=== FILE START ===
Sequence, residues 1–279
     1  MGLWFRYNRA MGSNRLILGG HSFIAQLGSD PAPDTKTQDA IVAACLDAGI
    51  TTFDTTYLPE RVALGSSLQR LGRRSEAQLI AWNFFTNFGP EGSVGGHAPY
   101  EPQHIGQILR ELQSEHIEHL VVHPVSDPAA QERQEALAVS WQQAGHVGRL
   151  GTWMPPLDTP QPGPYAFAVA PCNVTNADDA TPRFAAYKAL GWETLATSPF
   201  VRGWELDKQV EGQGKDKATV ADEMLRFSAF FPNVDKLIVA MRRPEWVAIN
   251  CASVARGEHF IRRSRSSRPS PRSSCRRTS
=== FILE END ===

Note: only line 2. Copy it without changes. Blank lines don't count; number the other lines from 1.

     1  MGLWFRYNRA MGSNRLILGG HSFIAQLGSD PAPDTKTQDA IVAACLDAGI